This research strand seeks to examine the ways in which British authorities and penal institutions utilised the concept of ‘refusal’ to examine, construct, and intervene in the physical health of the British population between 1916 and 1939. With a focus on two different carceral contexts – the imprisonment of conscientious objectors (COs) in the First…
Category: Project themes
The project, ‘Prisoners, Medical Care and Entitlement to Health in England and Ireland, 1850-2000’, is undertaking research into topics that resonate with current concerns in the prison service, including the very high incidence of mental health problems amongst prisoners, the health of women and maternity services in prison, and responses to addiction and HIV/AIDS. All the different strands of research will straddle the period from the start of the modern prison system in the mid-nineteenth century up to the current day, and compare the provision of medical services and notions of the entitlement of prisoners to health in both England and Ireland.
You can find separate summaries of the main project research strands below.
Prisoners beyond the walls: prisoner rights, release, and continuity of care
Oisín Wall introduces his research project which explores the relationship between prisoners and the outside world as it was mediated by different organisations, from prisoner rights associations to the healthcare system.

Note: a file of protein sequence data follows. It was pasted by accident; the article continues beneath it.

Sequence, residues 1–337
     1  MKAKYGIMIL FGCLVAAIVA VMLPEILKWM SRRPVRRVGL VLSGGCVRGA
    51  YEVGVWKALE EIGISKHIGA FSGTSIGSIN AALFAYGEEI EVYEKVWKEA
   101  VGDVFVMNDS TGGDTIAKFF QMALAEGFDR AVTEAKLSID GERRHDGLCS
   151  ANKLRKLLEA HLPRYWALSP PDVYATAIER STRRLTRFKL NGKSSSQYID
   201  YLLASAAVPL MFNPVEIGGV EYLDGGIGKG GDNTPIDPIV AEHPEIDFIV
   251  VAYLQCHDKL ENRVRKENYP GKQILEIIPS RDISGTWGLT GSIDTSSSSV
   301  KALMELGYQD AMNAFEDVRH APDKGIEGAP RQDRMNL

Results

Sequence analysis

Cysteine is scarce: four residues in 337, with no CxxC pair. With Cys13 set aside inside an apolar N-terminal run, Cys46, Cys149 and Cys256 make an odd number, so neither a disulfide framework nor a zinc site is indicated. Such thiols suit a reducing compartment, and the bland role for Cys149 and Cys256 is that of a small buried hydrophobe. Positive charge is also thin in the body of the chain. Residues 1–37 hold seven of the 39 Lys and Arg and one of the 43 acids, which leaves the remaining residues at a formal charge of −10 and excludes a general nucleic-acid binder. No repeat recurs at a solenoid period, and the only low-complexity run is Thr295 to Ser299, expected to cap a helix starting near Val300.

‘In Humanity’s Machine’: Prison Health and History
Fiachra Byrne provides an overview of the research project and his own strand on juveniles in the latest issue of the Howard League’s ECAN Bulletin (July 2017)
Reform, Welfare and Prisoners’ Health Rights, 1850-2000
Dr Holly Dunbar outlines her research project on health networks for prison aftercare
Medical Care, Maternity and Childbirth in Female Prisons, 1850-2000
Dr Rachel Bennett in this blog, explores the impact of gender distinctions on the provision of medical care within female prisons
HIV/AIDS in Prisons, 1980-2000
The emergence of HIV/AIDS in the 1980s presented particular challenges for prison medicine. Prison populations were quickly identified as having high rates of infection and of high-risk behaviours, and international organisations such as the World Health Organisation repeatedly called on governments to take action.
Prisoners and Mental Illness in Prisons, 1850–2000
Catherine Cox and Hilary Marland
Mental breakdown was often attributed to the intrinsic mental weakness of the prison population …
Mental Illness and Juvenile Prisoners, 1850–2000
Focusing on the ‘disturbed’ child who exhibited a pathological pattern of behaviour in detention settings …
Management of Health and Disease, 1850–1950
The physician was responsible for determining the maximum physical stress each inmate could safely endure …
Prison Doctors in the Medical Profession in England, 1970–1990
The relationship between prison doctors and their NHS colleagues was crucial to delivering prison healthcare …
Political Prisoners, Medicine and Health, 1850–2000
The intersection of health and medical care with ‘modern’ political imprisonment in England and Ireland …